The History of Dentistry: Toothsome Tales & Oral Oddities from Babylon to Braces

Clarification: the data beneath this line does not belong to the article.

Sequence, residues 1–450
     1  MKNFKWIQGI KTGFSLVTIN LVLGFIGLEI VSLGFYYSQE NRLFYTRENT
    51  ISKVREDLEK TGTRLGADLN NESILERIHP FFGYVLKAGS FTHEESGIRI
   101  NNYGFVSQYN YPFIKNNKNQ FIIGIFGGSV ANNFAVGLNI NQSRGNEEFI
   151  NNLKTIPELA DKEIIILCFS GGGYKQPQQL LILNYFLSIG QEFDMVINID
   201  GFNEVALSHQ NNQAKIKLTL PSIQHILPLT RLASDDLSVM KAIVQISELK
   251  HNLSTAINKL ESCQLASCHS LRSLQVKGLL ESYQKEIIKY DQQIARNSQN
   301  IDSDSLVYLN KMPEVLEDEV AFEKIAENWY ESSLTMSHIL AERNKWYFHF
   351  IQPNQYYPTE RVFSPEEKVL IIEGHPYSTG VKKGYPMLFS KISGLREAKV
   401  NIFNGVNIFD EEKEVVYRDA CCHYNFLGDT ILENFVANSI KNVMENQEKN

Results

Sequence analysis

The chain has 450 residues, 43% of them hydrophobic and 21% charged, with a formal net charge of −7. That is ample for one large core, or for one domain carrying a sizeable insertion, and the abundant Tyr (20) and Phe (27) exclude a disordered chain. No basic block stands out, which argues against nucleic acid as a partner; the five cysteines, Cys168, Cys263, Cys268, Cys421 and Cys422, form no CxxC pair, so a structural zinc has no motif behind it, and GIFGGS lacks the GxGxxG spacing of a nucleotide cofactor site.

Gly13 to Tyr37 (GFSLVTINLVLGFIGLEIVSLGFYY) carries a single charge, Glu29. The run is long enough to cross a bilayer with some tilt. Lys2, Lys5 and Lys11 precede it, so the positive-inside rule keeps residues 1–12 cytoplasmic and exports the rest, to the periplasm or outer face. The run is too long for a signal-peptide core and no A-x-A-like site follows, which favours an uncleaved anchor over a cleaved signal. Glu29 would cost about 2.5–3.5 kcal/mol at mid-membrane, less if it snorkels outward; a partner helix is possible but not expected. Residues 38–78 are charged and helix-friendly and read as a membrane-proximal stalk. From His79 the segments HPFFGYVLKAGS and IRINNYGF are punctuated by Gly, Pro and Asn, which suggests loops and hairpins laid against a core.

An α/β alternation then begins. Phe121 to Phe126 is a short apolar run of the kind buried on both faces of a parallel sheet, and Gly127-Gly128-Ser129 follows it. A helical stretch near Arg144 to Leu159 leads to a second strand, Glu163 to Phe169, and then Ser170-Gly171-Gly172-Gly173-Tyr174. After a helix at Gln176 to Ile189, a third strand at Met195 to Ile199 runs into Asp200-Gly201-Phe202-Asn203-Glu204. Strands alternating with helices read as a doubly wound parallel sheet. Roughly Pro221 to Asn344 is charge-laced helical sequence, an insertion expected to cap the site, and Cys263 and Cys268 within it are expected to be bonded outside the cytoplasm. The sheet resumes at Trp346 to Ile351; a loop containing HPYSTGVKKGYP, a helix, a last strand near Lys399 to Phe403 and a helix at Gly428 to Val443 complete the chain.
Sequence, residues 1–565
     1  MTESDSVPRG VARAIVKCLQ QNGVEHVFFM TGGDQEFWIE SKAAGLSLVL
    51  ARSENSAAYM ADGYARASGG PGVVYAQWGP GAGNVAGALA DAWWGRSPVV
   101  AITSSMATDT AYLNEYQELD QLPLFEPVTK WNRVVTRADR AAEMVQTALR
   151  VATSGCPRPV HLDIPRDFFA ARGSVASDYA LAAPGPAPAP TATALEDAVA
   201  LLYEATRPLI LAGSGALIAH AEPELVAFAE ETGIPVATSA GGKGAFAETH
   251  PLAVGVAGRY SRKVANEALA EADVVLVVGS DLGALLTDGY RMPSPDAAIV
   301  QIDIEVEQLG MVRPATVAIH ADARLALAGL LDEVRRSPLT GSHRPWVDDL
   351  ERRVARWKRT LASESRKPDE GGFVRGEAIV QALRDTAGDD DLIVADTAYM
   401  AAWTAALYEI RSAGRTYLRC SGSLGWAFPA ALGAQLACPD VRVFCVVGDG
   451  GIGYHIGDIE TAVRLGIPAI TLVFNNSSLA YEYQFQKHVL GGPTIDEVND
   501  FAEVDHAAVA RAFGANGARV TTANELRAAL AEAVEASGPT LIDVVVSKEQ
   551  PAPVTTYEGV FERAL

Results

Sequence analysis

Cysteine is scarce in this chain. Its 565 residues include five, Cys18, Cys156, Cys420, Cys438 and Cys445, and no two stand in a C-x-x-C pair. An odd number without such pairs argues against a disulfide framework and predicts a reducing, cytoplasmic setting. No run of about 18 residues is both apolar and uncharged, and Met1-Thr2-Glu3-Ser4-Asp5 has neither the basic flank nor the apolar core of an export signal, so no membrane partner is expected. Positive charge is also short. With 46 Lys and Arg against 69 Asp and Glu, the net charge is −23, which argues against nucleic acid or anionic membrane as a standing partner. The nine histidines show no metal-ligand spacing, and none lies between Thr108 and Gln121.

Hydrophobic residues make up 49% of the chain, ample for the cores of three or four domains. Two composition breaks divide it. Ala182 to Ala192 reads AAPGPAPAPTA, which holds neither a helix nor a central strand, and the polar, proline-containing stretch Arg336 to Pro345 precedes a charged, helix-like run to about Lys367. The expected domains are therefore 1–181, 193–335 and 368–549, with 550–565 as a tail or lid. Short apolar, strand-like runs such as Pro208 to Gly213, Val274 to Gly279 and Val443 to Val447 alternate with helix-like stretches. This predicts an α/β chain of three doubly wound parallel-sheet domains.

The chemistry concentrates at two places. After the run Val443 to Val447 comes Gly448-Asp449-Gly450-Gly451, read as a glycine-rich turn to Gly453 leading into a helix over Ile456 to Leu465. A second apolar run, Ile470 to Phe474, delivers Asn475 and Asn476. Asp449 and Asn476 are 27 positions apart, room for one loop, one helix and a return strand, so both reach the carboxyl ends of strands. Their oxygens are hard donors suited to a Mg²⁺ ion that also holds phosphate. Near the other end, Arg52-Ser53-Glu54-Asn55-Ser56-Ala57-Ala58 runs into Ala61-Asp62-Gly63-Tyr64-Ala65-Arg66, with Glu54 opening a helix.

For those on both sides of the dreaded dentist's chair, James Wynbrandt has written a witty, colorful, and richly informative history of the art and science of dentistry. To all of those dental patients whose whine rises in tandem with that of the drill, take note: You would do well to stifle your terror and instead offer thanks to Apollonia, the patron saint of toothache sufferers, that you face only fleeting discomfort rather than the disfiguring distress, or slow agonizing death oft meted out by dental-care providers of the past. The transition from yesterday's ignorance, misapprehension, and superstition to the enlightened and nerve-deadened protocols of today has been a long, slow, and very painful process. For example, did you know that: *Among the toothache remedies favored by Pierre Fauchard, the father of dentistry, was rinsing the mouth liberally with one's own urine. *George Washington never had wooden teeth. However, his chronic dental problems may have impacted the outcome of the American Revolution. *Soldiers in the Civil War needed at least two opposing front teeth to rip open powder envelopes. Some men called up for induction had their front teeth extracted to avoid service. *Teeth were harvested from as many as fifty thousand corpses after the Battle of Waterloo, a huge crop later used for dentures and transplants that became known as Waterloo Teeth.